Healthcare leaders need to start examining why it is so difficult to find that “just right” level of alerts—and then, perhaps more importantly, find a way to implement a system that optimally leverages CDS at the point of care while providing warnings that actually mean something to individual clinicians in specific care settings. An easier-said-than-done proposition if ever there was one.
Three-pronged Approach to Clearing View
There are layers of complexity with alert management, from differences between patients, to varieties of care settings and the role of individual clinicians. To remedy the spellbinding effect that the snowstorm of alert fatigue, the answer lies in how we are able to more clearly illuminate the journey. Clarity comes in the form of deployment of CDS in the way it is intended. By processing additional clinical context and configuring the presentation of alerting content in a manner specific to the unique role of the clinician, the effectiveness of alerting can be improved in a manner that more clearly displays medication related risks to the patient.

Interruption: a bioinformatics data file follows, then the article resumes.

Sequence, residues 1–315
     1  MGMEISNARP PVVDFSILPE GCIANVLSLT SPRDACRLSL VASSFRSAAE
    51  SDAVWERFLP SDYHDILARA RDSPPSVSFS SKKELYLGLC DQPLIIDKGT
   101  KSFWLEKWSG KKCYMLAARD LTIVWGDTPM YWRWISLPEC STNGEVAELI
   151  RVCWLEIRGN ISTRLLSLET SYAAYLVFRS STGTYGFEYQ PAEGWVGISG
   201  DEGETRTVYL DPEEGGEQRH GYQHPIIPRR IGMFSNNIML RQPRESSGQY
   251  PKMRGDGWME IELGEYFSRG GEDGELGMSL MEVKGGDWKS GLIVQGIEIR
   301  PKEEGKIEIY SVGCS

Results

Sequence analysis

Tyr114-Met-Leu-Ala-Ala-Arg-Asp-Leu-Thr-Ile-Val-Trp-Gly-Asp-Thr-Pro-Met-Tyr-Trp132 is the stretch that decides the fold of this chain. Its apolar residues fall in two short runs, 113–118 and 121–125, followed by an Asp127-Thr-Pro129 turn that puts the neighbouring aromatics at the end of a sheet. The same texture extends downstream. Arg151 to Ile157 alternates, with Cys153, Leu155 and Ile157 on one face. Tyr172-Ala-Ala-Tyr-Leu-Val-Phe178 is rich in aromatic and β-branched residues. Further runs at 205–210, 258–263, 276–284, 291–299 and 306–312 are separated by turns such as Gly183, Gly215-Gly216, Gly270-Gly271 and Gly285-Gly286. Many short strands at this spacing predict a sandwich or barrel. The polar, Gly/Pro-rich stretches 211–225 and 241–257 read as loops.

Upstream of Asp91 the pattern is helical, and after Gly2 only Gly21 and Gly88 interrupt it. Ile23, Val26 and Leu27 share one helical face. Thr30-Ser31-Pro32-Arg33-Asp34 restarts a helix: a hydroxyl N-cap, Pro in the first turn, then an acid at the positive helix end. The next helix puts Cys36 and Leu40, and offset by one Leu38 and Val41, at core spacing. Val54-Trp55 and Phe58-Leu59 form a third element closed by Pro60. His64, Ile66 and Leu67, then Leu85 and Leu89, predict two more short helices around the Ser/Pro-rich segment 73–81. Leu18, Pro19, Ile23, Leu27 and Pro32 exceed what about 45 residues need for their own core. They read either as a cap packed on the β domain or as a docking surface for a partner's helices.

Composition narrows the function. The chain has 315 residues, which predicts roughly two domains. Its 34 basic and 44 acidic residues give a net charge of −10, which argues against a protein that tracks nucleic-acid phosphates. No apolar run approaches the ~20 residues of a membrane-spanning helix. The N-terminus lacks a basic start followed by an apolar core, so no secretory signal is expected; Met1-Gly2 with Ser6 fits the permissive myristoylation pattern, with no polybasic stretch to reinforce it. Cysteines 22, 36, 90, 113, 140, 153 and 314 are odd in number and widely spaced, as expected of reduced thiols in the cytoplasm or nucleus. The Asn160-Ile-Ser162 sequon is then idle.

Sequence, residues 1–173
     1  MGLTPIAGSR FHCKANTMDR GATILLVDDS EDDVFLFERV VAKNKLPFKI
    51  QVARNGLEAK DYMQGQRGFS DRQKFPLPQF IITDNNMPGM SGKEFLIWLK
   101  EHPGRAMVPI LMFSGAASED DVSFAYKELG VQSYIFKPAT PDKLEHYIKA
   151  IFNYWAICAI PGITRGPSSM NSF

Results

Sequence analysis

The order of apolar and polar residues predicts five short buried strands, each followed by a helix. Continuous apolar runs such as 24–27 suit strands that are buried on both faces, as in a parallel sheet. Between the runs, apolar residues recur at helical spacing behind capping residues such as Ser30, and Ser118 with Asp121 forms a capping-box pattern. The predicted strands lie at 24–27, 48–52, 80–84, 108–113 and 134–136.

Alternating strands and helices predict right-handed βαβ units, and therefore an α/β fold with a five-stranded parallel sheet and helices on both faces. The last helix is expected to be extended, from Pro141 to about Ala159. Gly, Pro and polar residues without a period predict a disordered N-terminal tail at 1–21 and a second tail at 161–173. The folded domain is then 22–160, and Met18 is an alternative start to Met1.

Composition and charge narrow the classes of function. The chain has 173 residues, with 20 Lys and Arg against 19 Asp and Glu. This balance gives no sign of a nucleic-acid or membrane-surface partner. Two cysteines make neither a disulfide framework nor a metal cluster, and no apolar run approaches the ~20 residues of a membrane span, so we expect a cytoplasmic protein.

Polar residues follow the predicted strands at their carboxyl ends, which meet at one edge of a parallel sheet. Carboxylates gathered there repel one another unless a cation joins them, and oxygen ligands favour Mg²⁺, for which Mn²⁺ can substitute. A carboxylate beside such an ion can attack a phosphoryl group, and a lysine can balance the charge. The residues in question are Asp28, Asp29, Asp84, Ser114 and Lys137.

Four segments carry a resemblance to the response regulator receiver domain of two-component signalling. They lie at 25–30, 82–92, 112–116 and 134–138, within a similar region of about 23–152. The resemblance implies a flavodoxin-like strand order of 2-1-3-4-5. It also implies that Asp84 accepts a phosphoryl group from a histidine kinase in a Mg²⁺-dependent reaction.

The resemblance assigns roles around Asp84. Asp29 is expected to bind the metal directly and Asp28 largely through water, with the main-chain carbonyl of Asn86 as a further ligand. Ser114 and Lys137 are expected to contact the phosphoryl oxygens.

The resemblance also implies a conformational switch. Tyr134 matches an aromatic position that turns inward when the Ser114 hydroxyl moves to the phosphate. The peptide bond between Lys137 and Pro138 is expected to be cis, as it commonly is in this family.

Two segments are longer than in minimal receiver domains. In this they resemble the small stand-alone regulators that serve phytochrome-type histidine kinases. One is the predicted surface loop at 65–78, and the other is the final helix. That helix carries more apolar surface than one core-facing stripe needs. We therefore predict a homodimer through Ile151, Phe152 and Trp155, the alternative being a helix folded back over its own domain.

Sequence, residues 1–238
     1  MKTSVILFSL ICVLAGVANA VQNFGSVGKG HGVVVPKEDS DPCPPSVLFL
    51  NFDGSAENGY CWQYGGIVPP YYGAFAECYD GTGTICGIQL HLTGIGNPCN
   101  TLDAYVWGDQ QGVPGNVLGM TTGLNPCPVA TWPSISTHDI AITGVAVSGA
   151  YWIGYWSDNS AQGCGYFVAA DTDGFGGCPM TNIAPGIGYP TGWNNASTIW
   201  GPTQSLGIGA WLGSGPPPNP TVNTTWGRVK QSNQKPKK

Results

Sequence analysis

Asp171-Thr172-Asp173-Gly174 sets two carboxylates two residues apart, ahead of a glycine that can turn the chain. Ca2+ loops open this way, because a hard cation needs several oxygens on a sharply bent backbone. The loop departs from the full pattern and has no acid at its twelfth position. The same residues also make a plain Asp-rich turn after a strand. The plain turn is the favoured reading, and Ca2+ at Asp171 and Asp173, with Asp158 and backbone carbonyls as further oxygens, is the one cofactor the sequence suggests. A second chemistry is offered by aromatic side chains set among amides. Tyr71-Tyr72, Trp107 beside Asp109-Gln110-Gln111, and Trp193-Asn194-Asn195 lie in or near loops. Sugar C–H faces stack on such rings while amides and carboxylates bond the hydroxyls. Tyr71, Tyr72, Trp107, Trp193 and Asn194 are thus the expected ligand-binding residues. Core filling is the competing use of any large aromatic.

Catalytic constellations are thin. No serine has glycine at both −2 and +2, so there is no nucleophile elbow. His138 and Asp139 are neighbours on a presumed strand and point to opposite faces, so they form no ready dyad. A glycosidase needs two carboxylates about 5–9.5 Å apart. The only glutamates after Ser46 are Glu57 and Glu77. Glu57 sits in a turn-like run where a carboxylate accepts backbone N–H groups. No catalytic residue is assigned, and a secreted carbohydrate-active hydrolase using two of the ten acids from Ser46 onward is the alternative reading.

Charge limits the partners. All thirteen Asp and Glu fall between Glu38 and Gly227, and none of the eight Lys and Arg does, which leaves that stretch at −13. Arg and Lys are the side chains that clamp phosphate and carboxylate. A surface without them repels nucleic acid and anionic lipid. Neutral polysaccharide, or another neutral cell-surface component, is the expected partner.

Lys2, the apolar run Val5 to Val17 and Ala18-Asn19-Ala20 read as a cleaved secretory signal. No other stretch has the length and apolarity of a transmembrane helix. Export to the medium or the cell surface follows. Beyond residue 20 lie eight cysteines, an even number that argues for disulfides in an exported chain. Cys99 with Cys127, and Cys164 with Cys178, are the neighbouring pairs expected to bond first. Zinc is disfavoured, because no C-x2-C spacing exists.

The issue of alert fatigue can be addressed by a three-pronged strategy:
Regularly fine-tune drug knowledge—For drug-drug interactions, enhanced data models should identify potential clinical consequences associated to the drug therapy with links to labs, drugs and demographic information that serve as risk factors. For example, within drug allergy screening, the processing of a coded reaction (i.e., nausea, rash, shortness of breath) may be included as a variable for triggering broad hypersensitivity based allergen group and cross-sensitivity alerts for related medications in contrast to simply warning against the repeat use of a medication for which the reported reaction is considered an “intolerance.”
Make interruptive alerts more meaningful—By implementing additional parameters and filters in drug knowledge, and only firing alerts relevant to the individual clinician treating a single patient at a unique moment in time, alerts can become customized and less likely to be overlooked. These first two prongs require both the drug content provider and the EHR system vendor to work in concert together to make this work seamlessly.
Enable clinicians to customize medication alert display based on local experience—As industry experts and healthcare organizations work together to alleviate alert fatigue, it’s clear that the answer is to create systems that take human behavior and supplemental patient data into account when writing rules that decide when and why an alert fires. Coupled with alert configuration tools and advanced user interface design (i.e., tiered alerts, dashboards), the presentation of relevant, meaningful medication management alerts can indeed be improved, and the patient’s health care journey can be more safely illuminated.